An open channel or closed pipe used to convey sewage. See C.3 and C.4
Used water from any combination of domestic, industrial, commercial or agricultural activities, surface runoff/stormwater, and any sewer inflow/infiltration.
Waste matter that is transported through the sewer.

When produced in household-level Biogas Reactors S.16 , biogas is most suitable for cooking or lighting. Where biogas is produced in large an aerobic digesters T.4 , electricity generation is an alternative.

Describes biological processes that occur in the presence of oxygen.
Common name for the mixture of gases released from the anaerobic digestion of organic material. Biogas comprises methane (50 to 75 %), carbon dioxide (25 to 50 %) and varying quantities of nitrogen, hydrogen sulphide, water vapour and other components, depending on the material being digested. Biogas can be collected and burned for fuel (like propane).A colourless, odourless, flammable, gaseous hydrocarbon with the chemical formula CH4. Methane is present in natural gas and is the main component (50–75%) of biogas that is formed by the anaerobic decomposition of organic matter.

Design Considerations

Gas demand can be defined on the basis of energy previously consumed. For example, 1 kg of dried cow dung corresponds to 100 L of biogas, 1 kg of firewood corresponds to around 200 L of biogas, and 1 kg of charcoal corresponds to 500 L of biogas. Gas consumption for cooking per person and per meal is between 150 and 300 L biogas. Approximately 30–40 L biogas is required to boil one litre of water, 120–140 L for 0.5 kg rice and 160–190 L for 0.5 kg vegetables. Tests have shown that the biogas consumption rate of a household biogas stove is between 300 to 400 L per hour. However, this depends on the stove design and methane content of the biogas. Compared to other gases, biogas needs less air for combustion. Therefore, conventional gas appliances need to be modified when they are used for biogas combustion (e.g. larger gas jets and burner holes). The distance through which the gas must travel should be minimised as leaks may occur. Drip valves should be installed for the drainage of condensed water, which accumulates at the lowest points of the gas pipe.

Common name for the mixture of gases released from the anaerobic digestion of organic material. Biogas comprises methane (50 to 75 %), carbon dioxide (25 to 50 %) and varying quantities of nitrogen, hydrogen sulphide, water vapour and other components, depending on the material being digested. Biogas can be collected and burned for fuel (like propane).A colourless, odourless, flammable, gaseous hydrocarbon with the chemical formula CH4. Methane is present in natural gas and is the main component (50–75%) of biogas that is formed by the anaerobic decomposition of organic matter.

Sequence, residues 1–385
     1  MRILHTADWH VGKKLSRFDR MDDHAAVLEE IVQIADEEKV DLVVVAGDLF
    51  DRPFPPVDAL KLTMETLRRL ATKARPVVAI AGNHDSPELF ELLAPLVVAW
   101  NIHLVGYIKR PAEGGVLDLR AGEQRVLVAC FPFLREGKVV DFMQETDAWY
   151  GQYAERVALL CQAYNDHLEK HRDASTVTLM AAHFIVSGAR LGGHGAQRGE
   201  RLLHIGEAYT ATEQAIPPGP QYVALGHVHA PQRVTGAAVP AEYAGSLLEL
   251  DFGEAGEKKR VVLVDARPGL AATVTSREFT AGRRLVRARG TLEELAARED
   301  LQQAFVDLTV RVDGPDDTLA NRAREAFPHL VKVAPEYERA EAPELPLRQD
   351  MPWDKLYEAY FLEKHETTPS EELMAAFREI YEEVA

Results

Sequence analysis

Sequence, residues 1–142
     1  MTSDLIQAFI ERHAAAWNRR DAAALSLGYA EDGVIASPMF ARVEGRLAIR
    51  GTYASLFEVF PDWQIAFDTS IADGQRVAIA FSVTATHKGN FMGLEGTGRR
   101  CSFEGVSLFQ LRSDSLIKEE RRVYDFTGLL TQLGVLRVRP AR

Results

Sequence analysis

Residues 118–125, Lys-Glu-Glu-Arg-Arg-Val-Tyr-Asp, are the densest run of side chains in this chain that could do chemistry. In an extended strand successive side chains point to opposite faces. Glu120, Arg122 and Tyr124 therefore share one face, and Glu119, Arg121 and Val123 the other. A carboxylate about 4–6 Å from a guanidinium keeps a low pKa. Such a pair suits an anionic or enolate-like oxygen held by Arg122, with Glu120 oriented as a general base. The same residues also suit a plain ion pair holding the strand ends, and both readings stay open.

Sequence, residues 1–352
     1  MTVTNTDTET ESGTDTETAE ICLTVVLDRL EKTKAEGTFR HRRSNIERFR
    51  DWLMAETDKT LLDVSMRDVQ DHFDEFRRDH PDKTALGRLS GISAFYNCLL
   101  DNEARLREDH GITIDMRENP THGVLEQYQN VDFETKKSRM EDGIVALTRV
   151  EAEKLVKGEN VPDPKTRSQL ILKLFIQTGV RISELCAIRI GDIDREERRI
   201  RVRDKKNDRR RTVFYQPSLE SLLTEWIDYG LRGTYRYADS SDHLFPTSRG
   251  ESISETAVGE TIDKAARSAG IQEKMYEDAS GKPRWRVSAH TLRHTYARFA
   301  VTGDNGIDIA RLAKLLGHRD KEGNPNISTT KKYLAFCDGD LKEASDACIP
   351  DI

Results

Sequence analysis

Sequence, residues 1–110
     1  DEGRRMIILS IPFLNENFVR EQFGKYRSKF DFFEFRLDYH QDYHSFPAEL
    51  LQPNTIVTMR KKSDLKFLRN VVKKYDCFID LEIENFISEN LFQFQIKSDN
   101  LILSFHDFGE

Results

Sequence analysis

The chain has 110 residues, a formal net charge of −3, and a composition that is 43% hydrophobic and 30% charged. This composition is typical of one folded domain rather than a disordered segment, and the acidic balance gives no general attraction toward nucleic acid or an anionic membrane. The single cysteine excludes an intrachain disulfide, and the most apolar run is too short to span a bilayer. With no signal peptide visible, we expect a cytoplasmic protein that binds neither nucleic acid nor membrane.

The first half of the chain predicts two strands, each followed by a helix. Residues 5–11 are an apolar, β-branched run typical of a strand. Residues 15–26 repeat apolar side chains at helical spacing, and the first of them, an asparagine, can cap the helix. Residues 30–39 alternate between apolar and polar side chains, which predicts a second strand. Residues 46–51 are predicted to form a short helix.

Materials

Appliances required depend on how the biogas will be used. Many appliances have to be designed specifically for use with biogas and these are not always widely available. However, conventional gas burning stoves can be easily modified for use with biogas by widening the jets and burner holes and reducing the primary air intake. When biogas is used for cooking, a simple pressure indicator should be installed to inform the user of the amount of gas available.

Common name for the mixture of gases released from the anaerobic digestion of organic material. Biogas comprises methane (50 to 75 %), carbon dioxide (25 to 50 %) and varying quantities of nitrogen, hydrogen sulphide, water vapour and other components, depending on the material being digested. Biogas can be collected and burned for fuel (like propane).A colourless, odourless, flammable, gaseous hydrocarbon with the chemical formula CH4. Methane is present in natural gas and is the main component (50–75%) of biogas that is formed by the anaerobic decomposition of organic matter.

Applicability